Faculty Resources, Collaboration, and Support for Community-Engaged Initiatives
Updates for faculty on student experiences with the CPGC and opportunities for increased collaboration.
As we celebrate our 20th Anniversary Year, the Center for Peace and Global Citizenship notes that we have funded nearly 1,000 Haverford student internships in 87 countries around the world. Among those, the highest participation rates come from students majoring in Political Science, Anthropology, and English, but the full cohort represents 41 majors across the Bi-Co.
We have also carefully reviewed participation data and see that students participating in our programming are more likely to be receiving financial aid and less likely to be white than is true of the campus population as a whole. Accessibility and inclusion are high priorities of ours, and we ask faculty to please continue communicating that CPGC summer internship funding is intended to ensure peace and social justice internship experiences are accessible for every student.
Summer Internship Funding can Support Community-Led Research and Scholarship
Every summer, some of our best partnerships have grown with faculty facilitating community-led engaged scholarship. We’ve noted strong partnerships often feature this formula:
The public scholarship of Brook Lillehaugen with the Ticha Project (Linguistics), Alice Lesnick and Chanelle Wilson through Laɣim Tehi Tuma (Education), and Alex Galarza (now University of Delaware) and Brie Gettleson (Libraries), supporting archival work with the Grupo de Apoyo Mutuo exhibit how scholarly training can be brought to community-identified concerns, advancing our students’ academic and personal development while producing new knowledge that addresses issues of justice. Each year, the CPGC provides full financial support for summer interns working with these projects and numerous other initiatives.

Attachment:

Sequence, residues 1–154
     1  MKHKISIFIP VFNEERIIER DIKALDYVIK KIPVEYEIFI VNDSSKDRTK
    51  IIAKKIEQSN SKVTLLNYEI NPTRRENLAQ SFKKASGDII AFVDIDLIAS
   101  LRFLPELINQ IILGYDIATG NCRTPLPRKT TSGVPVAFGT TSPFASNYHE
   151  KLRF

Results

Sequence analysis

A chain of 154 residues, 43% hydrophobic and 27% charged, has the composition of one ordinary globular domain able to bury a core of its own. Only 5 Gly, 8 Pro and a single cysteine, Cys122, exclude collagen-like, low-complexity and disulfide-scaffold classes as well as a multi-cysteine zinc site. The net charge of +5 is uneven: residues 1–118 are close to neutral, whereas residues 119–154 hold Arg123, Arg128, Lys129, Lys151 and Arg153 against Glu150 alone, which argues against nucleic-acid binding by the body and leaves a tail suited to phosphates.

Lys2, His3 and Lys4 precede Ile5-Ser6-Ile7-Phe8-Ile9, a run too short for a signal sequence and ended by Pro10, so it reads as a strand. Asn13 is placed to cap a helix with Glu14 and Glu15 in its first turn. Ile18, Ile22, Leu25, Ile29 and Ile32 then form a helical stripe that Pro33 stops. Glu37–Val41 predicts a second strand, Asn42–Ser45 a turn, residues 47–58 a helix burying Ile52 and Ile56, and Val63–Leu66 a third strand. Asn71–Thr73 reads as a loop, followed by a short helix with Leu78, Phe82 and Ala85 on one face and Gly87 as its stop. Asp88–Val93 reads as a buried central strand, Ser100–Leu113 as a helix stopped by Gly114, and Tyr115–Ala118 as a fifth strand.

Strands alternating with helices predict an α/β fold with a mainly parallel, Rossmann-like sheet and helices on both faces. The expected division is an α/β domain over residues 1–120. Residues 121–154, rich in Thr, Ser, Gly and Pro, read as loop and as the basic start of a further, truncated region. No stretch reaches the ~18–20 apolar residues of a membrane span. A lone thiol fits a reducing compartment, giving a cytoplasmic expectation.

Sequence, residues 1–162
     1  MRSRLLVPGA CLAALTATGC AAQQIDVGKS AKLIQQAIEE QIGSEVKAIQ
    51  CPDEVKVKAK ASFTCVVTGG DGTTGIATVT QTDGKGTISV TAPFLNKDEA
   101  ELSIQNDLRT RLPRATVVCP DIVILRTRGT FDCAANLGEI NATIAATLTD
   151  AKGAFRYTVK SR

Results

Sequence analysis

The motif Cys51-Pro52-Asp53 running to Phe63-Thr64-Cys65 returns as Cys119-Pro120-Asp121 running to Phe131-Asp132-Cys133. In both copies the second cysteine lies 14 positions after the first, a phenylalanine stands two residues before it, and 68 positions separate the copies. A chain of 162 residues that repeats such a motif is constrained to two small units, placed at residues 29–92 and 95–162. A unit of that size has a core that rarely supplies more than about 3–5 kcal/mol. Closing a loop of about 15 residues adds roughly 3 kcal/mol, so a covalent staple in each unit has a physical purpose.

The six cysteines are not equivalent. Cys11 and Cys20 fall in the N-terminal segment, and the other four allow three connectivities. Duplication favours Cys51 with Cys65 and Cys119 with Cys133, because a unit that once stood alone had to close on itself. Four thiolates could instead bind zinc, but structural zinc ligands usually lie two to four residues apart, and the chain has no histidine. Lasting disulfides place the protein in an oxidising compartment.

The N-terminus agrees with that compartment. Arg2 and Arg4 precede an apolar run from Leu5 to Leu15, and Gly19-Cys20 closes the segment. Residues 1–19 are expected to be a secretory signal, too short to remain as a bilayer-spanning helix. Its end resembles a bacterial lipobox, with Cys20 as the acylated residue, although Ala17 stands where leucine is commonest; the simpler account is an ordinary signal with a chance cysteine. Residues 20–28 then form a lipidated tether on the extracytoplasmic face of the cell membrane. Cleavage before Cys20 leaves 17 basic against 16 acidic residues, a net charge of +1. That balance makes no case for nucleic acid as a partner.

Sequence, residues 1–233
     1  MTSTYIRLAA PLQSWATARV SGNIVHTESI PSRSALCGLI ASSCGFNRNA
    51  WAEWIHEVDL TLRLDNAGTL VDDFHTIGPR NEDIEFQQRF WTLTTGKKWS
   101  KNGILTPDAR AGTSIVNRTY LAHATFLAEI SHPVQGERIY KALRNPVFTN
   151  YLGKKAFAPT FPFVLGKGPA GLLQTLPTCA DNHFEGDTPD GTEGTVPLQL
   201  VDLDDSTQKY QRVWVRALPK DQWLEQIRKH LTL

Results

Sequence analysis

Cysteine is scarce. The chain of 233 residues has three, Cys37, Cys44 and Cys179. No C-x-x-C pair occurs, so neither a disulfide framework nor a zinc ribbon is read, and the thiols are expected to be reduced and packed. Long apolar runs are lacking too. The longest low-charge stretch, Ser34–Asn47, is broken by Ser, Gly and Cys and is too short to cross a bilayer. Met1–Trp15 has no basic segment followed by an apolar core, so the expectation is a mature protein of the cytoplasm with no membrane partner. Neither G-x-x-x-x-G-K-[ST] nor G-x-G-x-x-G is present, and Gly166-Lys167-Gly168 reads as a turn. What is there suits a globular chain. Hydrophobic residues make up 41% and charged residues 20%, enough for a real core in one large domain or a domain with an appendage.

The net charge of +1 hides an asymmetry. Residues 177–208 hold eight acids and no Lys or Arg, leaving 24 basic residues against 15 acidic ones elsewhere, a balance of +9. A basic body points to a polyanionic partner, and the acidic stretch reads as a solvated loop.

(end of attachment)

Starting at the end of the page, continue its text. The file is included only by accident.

For the summer 2021 internship program, we will be looking for additional partnerships of this kind, where community organizations and community members seek engaged scholars using participatory methodologies to address shared concerns. Faculty who think this might apply to their work, and who would be interested in student summer interns (anticipating remote work on a community-led project), are invited to contact Stephanie Keene, Program Manager for Ethical Global Learning.
Community Leader Social Justice Stipends Support One-Time Class Visits
In an effort to ease application processes and recognize important off-campus collaborators, the CPGC has worked with its steering committees over the last few years to develop a basic flat rate for payment to community-based leaders and social justice educators who visit classes to speak on topics that advance peace, social justice, or global citizenship. This rate is $150 for one-time visits, in person or via Zoom. Numerous partnerships include much higher ongoing reimbursements or other forms of additional funding and recognition, but this base rate has been set in order to provide a mechanism to ease inclusion of off-campus expertise from social justice leaders who may or may not qualify for Distinguished Visitors funding.